This map shows the number of foreign born inhabitants as a share of the total population for Nordic municipalities and regions in 2016. The darker colours show municipalities/regions where higher shares of the population were born in a foreign country and the lighter colours shows municipalities/regions where the share is lower.
While the share of foreign-born people in the population is a good indicator of overall immigration, it is less useful when it comes to studying refugee populations. This is largely because these statistics do not include information about the countries of origin of the foreign-born population.
There are also differences between countries in the way “foreign born” is defined. In Finland, Denmark and Norway, children born in a foreign country who have two parents who are not foreign born are excluded from the statistics. Although this category is quite small it results in a slightly higher statistical share of foreign-born inhabitants in the other countries.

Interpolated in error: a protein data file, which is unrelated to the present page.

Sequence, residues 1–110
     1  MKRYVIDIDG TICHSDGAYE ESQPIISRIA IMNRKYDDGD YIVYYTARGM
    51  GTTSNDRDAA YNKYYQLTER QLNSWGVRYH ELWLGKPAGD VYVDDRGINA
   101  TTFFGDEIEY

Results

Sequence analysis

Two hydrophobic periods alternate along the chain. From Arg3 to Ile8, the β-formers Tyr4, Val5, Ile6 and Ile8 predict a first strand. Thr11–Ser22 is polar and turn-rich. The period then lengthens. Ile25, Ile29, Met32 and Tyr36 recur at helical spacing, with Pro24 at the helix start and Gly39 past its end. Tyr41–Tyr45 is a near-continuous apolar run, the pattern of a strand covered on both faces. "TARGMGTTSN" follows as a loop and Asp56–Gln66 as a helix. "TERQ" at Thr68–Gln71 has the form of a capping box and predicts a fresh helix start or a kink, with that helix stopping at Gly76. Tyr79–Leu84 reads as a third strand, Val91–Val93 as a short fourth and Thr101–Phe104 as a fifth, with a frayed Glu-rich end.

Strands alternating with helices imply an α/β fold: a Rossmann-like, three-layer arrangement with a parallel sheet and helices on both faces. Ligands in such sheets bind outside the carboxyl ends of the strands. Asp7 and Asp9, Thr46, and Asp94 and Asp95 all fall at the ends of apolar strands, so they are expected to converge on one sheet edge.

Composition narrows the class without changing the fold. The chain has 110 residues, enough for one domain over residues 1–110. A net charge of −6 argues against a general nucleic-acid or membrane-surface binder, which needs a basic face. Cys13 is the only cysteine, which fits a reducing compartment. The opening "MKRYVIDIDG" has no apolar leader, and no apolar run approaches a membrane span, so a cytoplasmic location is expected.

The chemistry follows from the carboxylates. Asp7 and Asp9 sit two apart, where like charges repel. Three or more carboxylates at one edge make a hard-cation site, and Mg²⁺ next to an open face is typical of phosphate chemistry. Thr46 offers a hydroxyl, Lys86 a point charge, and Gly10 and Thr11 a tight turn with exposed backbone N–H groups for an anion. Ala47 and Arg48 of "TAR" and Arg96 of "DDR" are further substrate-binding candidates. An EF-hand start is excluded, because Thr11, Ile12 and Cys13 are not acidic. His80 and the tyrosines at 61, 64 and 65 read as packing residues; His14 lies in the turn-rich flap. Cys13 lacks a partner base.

At the national level, Sweden has the highest share of its population born in a foreign country (17%) and Finland the lowest (5.2%). Zooming in to the regional and municipal level, populations which include the highest share of foreign born inhabitants can be found in border municipalities such as Haparanda (40%) and in larger cities such as Oslo (27%), Stockholm (24%) and Copenhagen (18%). In Finland, the cities with the highest share of their population born in foreign countries are Helsinki and Espoo (12% each) and Turku (8%). Otherwise, in 53 of the 311 Finnish municipalities less than 1% of the population were born in a foreign country.